YOURSAY | ‘The real victim is not Rosmah, but the society.’
The Middle Man: This is another victory for justice and another step towards defeating the cancerous corruption in our governance system that has brought our beloved country to the brink.
This must be the start of a wake-up call to those in leadership positions that the law will catch up with you eventually.
Self-serving politicians who think they are immune will now shudder with fear and anxiety that their corrupt ways will be exposed and they will lose everything they had garnered through corruption.
For those mindless followers of these corrupt souls, they should take a hard look in the mirror and see just how dumb, clueless and stupid they have been.
Clever Voter: The real victim is not Rosmah Mansor, but the society. The country has been on a slippery slope, even laughed at by our Asean neighbours.
Rosmah has no reason to shed tears. Her entire family, plus their friends, did a great injustice to the nation. The judiciary did the right thing.
Vijay47: How true, Jagjit Singh (Rosmah Mansor's defence lawyer), your reminiscing of the dark clouds of 1988 (the removal of the then lord president Salleh Abbas) and their apparent return “since Aug 23” (the day Rosmah’s husband and former prime minister Najib Abdul was sent to prison).
However, the resurrection now of those shameful days can be laid at the feet of your colleagues from the Bar. Such members attempted every item in the ‘Book of Tricks’ but fortunately, we had a judge of stern mettle who did not cower. The rest, as you well know, is history.
Who knows, when years ahead we look back at present times, some may even grieve those dark days made another stab at returning on Aug 30. Who would you blame then?
In the pursuit of justice, there would always be judges and “outside influences”; where man is present, there would always be vulnerability but not necessarily the certainty to succumb.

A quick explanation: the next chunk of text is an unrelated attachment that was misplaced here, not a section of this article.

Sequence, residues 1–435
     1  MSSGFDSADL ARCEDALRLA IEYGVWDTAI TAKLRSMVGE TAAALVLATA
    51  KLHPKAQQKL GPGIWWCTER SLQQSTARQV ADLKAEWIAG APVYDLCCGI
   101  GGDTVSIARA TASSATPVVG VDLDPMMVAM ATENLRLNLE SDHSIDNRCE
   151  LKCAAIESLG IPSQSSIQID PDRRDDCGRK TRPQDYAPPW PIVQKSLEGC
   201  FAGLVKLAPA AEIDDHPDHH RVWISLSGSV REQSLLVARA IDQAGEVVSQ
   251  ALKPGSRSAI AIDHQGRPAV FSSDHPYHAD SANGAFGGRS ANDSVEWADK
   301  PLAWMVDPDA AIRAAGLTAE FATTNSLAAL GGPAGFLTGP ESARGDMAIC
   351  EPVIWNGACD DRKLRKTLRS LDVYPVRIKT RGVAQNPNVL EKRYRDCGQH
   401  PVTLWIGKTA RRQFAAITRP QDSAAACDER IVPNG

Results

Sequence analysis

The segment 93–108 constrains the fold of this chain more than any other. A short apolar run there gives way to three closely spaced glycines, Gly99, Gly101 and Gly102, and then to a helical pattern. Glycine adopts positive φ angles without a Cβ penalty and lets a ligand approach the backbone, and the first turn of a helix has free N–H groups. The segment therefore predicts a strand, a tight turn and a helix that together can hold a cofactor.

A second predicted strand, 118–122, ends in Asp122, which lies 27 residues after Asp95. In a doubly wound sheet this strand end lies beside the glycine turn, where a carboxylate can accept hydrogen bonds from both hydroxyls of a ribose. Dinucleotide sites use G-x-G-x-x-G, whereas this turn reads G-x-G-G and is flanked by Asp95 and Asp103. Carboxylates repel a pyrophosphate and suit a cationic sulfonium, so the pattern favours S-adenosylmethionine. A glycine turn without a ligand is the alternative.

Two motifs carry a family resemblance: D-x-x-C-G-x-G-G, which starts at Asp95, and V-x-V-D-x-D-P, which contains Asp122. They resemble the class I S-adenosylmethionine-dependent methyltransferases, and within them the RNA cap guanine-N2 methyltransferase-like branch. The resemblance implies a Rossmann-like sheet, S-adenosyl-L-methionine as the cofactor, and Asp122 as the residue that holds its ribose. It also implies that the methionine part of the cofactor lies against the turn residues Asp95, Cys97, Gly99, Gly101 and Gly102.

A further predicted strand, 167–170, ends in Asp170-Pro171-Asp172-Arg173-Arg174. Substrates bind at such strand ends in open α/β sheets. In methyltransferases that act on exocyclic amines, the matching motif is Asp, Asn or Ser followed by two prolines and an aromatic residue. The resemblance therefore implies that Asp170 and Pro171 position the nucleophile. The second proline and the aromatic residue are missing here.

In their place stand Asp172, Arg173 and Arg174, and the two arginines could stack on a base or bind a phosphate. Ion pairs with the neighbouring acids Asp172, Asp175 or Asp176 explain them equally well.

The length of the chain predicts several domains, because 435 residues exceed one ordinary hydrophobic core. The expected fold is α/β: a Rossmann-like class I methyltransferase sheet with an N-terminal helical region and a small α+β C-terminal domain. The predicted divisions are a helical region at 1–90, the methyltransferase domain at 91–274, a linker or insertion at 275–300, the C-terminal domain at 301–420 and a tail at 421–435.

You have kindly averred that “you have full confidence Your Lordship would not be influenced by these outside efforts”. No doubt His Lordship would be grateful for your testimony.
But since you yourself have affirmed that His Lordship would not be influenced, does the matter not, as the legal fraternity would say, rest there?
Koel: Najib’s administration is one of the darker of the many dark periods in Malaysian history.
From charges and allegations, it would appear that elites were all out to loot and drain the country of its meagre resources.
This group of vultures appear to be regrouping to once again run a lawless administration. The Rosmah judgment gives a small measure of comfort to the average upright citizen.
But make no mistake - our children and grandchildren will be paying for generations for the unconscionable lawlessness of this group and this party. But thank you to the court for this small comfort.
Coward: First of all, it looks like the leaked court documents are produced as a matter of routine.
Anyone can write a document, but that is not the basis for recusing judges. If so, the judiciary is for gaming.
But most of all, the existence of the document proved nothing. You must give a High Court judge more credit than being swayed by the last document he seen prepared by someone else.
You can see the defence’s submission is devoid of credit when it simply points to what the judge must be seen to do, without concrete facts on why the judge will not be seen to do if he did not recuse himself.
Way To Go: The coincidence is alarming - both Najib's and Rosmah's alleged draft verdicts were revealed by fugitive blogger Raja Petra Kamaruddin on the eve of their sentencing.